Five-Act Film Structure in The Perks of Being a Wallflower


I find The Perks of Being a Wallflower to be an excellent example of the type of screenplay and structure I want to write. The film’s protagonist Charlie must take a strenuous mental and also spiritual journey to overcome his path and both acquire and utilize the knowledge of life (as far as ninth grade, anyways) in the most effective way possible. Though an adaptation of a novel, Perks follows a five-act structure.

Act One: Charlie begins the film having little knowledge of how to interact socially in high school and also no memory/few flashbacks of a past event with his Aunt Helen that haunts him. He finds making friends to be difficult, but he catches the eye of his English teacher, who begins giving him books to read outside of class. He meets Sam and Patrick at a football game and they go out afterward, but still he has not fully acknowledged his problem. As the first school dance approaches, Charlie finds himself alone across the gym before spotting Sam and Patrick dancing in the middle to “Come on Eileen: by Dexys Midnight Runners. He dances into the dance floor up to them, and they treat him like an old friend. At last, Charlie has let himself open up, even a tiny bit.

Act Two: Sam and Patrick take Charlie to an after-party once the dance is over at someone’s house. Charlie is overwhelmed with all the people there and does not feel as though he could possibly make any more friends. He is offered a brownie, and soon he is high for the first time and his inhibitions are lost. Sam finds him and offers to make him a milkshake, where Charlie blurts out that he wishes his friend Michael was there. When Sam asks where he is that night, Charlie blatantly says that Michael shot himself last May and that he wished he had left a note; soon after, Charlie catches Patrick kissing Brad, the quarterback, in the back bedroom. There is a mixed response of pity and empathy from Sam and Patrick about Charlie’s friend, and soon they have everyone raise their glasses to Charlie, dubbing him the wallflower who sees things and understands. The act finishes with Sam and Patrick showing Charlie the tunnel and with Charlie beginning to fall in love with Sam.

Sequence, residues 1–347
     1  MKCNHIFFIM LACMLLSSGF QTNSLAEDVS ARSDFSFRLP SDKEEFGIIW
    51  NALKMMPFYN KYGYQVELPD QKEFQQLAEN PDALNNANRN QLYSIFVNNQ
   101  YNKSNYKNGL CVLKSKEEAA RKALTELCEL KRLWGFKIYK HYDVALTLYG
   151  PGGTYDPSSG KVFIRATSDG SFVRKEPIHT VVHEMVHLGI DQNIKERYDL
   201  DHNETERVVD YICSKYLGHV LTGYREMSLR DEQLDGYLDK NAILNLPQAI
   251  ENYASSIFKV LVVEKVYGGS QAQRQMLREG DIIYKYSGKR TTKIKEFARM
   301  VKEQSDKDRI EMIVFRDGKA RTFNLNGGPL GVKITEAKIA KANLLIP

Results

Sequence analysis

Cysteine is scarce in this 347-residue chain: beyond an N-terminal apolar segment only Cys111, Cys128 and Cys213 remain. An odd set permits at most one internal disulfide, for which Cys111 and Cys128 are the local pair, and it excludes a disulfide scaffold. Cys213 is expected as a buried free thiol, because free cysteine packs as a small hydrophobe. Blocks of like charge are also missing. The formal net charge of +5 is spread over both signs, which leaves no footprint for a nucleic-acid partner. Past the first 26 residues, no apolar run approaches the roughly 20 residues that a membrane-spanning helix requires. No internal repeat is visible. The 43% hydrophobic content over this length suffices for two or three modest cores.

Act Three: Charlie is becoming accustomed to having more friends, including Alice and Mary Elizabeth. This newfound knowledge of how to act in high school and what friends do (or at least, the friends he interacts with) leads him to watch his friends perform in Rocky Horror Picture Show, as well as experiment at Christmas with how he is received in his new group of friends, where he breaks the rules of Secret Santa and instead gives everyone a gift instead of just one person. Sam too has gotten him a gift, and she leads him to her bedroom to show him the typewriter she got him, as she knows he wants to be a writer. In that bedroom Sam discloses that she has been sexually assaulted by her father’s boss as a child and that she wants Charlie’s first kiss to be with someone he loves. Though she is in a relationship, she and Charlie kiss; this is the midpoint of the film. After he subs in for Rocky one time, Mary Elizabeth corners him and asks him to the dance. He says yes, and they mess around afterwards. This is further experimentation with his growing knowledge, but it also produces more flashbacks for him of his Aunt Helen.

Act Four: Charlie has a hard time dating Mary Elizabeth because he realizes he doesn’t really love her and that he is still in love with Sam. This all culminates during a game in which he must kiss the prettiest girl in the room and, without thinking, he kisses Sam. The group shuns him for this, and he is left alone again in school. He now doubts his knowledge when he must use it for himself, and the flashbacks come more frequently: we see Charlie deteriorating mentally in this act.

Act Five: During this time, Patrick and Brad were discovered by Brad’s dad, and now Brad won’t talk to Patrick. When his friends make fun of Patrick, Brad calls him a faggot in the school cafeteria. Patrick turns around and immediately punches him. It results in a fight between the two of them, but then Brad’s friends get involved and start hurting Patrick. Charlie, seeing this, not really understanding what he is doing, goes up to defend Patrick and punches his attackers. The cafeteria goes silent and we hear Charlie say, “Touch my friends again and I’ll blind you.” This moment brings Charlie back with his friends, and they accept him again. Charlie is overjoyed at having his friends back, but the flashbacks still haunt him. When they come back full-force and he realizes what Aunt Helen did to him is the same that Sam’s dad’s boss did to her, he is put into a mental hospital for a short time to recover, but now he has the support of his friends backing him up. Charlie ends the movie watching Sam move away but knowing that they are still connected, along with Patrick, and that he has acknowledged his past.


Into the Woods: A Five Act Journey into Story by John Yorke

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